Coordination between VHA and Non-VHA Providers – When patients receive mental health treatment from both VHA and non-VHA providers, seamless communication becomes an increasingly complex challenge. This fragmentation of care is particularly worrisome in periods of patient destabilization or following discharge from a hospital or residential mental health program. VA’s Office of Mental Health Services should consider development of innovative methods or procedures to facilitate flow of information for patients receiving simultaneous treatment from VA and non-VA providers while adhering to relevant privacy statutes. In addition, VA’s Readjustment Counseling Service and VA’s Office of Patient Care Services should pursue further efforts to heighten communication and record sharing for patients receiving both counseling at Vet Centers and treatment at VAMCs and/or affiliated CBOCs.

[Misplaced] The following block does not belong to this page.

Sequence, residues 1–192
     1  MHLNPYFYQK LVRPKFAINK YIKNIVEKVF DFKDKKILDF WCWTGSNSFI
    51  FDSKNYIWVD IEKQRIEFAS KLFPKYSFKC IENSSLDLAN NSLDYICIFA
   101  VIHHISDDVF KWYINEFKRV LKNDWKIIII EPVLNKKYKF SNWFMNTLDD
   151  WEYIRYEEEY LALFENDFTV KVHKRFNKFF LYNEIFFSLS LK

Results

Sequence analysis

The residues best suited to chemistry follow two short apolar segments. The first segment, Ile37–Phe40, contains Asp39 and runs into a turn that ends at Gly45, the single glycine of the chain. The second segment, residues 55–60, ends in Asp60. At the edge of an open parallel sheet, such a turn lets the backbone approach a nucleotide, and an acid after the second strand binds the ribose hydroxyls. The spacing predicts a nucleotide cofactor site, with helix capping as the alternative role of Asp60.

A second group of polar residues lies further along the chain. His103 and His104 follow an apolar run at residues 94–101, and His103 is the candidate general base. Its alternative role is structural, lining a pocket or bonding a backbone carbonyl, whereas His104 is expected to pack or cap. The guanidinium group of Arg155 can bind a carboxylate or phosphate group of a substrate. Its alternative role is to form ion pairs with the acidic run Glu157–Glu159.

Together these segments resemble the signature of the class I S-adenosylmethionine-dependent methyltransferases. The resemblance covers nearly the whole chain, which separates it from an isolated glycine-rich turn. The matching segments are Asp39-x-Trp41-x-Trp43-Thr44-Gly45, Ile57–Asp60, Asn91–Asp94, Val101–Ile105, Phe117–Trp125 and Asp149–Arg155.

Mr. Chairman, thank you again for this opportunity to testify. I would be pleased to answer any questions that you or other Members of the Committee may have.